Fringe Festivals- like Christmas for independent entertainment fans.
Unsurprisingly, I’ve decided I’m an indie artist at heart. Shows hauling tech, props, and costumes to all sorts of unlikely locations, the film I helped produced falling firmly into indie film territory, the new music groups that I support, my favorite webcomics all independently published… It’s a sign. Independent arts & entertainment is my thing.
Fringe festivals provide validation to large group’s of artists’ individual projects. It’s like a gallery opening for dozens’ of performers to share their passions with the public. Sure, ticket sales play a small factor in putting shows together. But most artists throw their hat into the ring because of the drive to share their stories. I’m teching shows at the Boulder International Fringe Festival that range from mothers processing the deaths of their children to a man sharing his regret that he’s no longer allowed to draw unicorns on his timesheet. Some of my best friends are performing a showcase of monologues at the Houston Fringe Festival later this month, sharing the true stories of college students who suffered sexual assault.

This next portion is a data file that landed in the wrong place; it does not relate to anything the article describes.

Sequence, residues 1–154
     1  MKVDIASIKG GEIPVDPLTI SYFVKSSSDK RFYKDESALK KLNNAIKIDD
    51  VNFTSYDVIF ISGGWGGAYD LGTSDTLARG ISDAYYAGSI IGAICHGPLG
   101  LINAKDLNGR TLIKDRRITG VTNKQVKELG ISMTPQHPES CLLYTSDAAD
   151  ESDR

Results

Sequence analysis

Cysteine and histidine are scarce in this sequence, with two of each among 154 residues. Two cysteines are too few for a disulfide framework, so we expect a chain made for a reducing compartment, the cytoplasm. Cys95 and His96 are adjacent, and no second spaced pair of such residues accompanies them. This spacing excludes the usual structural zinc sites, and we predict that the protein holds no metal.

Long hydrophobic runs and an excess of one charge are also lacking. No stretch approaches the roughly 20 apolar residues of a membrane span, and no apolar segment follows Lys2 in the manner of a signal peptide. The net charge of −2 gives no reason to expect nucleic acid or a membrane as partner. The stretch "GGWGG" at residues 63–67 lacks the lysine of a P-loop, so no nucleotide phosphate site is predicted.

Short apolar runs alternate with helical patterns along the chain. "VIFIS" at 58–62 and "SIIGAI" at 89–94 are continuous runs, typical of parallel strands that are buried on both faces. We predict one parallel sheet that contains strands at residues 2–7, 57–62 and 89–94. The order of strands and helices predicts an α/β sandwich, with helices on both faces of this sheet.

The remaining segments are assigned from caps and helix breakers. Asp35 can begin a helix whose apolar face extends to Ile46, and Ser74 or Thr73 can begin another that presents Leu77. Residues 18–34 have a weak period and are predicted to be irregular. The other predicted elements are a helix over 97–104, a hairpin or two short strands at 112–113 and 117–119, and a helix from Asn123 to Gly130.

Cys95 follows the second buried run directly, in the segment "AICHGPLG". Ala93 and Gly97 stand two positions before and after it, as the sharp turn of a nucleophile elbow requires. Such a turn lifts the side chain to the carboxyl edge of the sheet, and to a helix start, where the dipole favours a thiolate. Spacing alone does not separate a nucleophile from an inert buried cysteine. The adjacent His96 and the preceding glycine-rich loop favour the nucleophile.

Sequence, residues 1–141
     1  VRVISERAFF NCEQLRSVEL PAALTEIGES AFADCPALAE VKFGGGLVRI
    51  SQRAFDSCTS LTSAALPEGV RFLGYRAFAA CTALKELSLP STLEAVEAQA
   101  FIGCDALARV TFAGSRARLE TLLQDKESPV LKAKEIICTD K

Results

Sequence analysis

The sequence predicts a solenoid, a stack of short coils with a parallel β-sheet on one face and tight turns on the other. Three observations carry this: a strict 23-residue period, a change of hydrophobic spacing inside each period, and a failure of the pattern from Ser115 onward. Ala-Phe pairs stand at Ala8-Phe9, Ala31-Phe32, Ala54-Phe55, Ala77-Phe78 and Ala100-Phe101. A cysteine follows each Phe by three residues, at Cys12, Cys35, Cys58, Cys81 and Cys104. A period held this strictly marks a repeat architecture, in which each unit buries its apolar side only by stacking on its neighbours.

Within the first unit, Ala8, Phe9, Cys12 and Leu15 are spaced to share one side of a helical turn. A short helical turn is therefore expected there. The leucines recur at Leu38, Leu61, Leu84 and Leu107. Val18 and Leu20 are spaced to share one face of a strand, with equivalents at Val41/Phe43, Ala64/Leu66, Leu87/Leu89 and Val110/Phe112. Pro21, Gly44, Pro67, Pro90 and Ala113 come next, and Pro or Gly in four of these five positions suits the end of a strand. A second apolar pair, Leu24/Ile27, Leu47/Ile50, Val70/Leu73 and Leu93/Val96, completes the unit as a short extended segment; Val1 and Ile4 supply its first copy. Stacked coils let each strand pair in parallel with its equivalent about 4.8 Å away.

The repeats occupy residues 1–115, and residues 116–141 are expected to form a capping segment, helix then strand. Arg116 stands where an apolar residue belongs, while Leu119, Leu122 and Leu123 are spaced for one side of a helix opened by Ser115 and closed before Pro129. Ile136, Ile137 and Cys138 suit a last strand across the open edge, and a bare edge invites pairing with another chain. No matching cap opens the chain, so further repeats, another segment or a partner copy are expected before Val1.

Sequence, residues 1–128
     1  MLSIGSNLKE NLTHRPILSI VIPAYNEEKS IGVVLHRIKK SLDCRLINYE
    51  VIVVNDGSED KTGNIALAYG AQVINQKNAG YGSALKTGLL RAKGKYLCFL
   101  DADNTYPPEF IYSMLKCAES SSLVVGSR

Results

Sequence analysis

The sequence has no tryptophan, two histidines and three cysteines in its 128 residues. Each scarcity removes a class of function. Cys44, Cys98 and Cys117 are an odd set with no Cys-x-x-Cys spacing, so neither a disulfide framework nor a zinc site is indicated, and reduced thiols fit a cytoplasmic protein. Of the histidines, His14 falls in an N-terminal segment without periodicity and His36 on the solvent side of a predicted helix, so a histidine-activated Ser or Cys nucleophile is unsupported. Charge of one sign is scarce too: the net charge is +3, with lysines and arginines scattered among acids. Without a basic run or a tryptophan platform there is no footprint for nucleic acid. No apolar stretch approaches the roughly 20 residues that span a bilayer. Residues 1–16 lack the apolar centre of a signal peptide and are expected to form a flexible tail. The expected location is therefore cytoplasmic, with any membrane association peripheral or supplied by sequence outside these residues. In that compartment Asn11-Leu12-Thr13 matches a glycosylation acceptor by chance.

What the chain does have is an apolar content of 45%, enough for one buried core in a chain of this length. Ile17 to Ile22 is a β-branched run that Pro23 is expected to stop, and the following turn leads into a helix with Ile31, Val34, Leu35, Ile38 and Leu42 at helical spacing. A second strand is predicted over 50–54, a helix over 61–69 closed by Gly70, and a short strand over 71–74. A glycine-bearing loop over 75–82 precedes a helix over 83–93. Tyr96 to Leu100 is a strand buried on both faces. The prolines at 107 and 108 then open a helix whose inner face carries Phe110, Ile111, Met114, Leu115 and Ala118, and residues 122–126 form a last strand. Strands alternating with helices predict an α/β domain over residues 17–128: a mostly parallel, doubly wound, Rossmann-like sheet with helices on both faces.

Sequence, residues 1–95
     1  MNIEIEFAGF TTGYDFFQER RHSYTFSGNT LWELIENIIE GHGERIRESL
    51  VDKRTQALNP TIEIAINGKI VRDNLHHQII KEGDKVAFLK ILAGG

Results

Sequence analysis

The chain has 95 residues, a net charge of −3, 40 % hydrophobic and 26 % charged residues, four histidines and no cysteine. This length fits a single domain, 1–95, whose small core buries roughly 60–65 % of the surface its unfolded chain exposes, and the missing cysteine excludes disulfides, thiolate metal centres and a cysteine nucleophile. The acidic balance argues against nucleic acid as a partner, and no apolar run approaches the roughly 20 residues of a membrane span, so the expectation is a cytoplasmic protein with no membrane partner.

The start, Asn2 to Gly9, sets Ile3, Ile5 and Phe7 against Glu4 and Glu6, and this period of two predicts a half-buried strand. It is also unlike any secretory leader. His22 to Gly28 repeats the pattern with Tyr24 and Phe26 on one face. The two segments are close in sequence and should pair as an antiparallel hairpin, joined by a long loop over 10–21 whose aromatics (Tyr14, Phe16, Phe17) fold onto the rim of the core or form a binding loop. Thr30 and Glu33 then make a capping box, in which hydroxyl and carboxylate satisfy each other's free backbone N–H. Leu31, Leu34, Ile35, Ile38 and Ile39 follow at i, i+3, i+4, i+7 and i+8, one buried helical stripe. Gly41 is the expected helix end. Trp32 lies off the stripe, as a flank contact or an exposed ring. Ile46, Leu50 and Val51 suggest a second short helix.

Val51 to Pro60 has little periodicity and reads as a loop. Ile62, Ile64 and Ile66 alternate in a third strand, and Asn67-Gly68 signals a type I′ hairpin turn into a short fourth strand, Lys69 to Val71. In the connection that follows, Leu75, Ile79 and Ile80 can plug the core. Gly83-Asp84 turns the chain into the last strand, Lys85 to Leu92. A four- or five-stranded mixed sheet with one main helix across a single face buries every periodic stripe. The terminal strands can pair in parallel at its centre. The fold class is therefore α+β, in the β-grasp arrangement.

Every Fringe performance exists because an artist was so convinced that it needed to be shared that they put in months of work applying, rehearsing, and preparing so that they could share it with the world. Each festival is only a few weeks out of the year, but I feel the world would be a better place if we could put as much passion into our daily lives as Fringe artists put into their performances.
I will be spending quite a bit of time at Fringe events these next 2 weeks, so stay tuned for more Fringe analysis!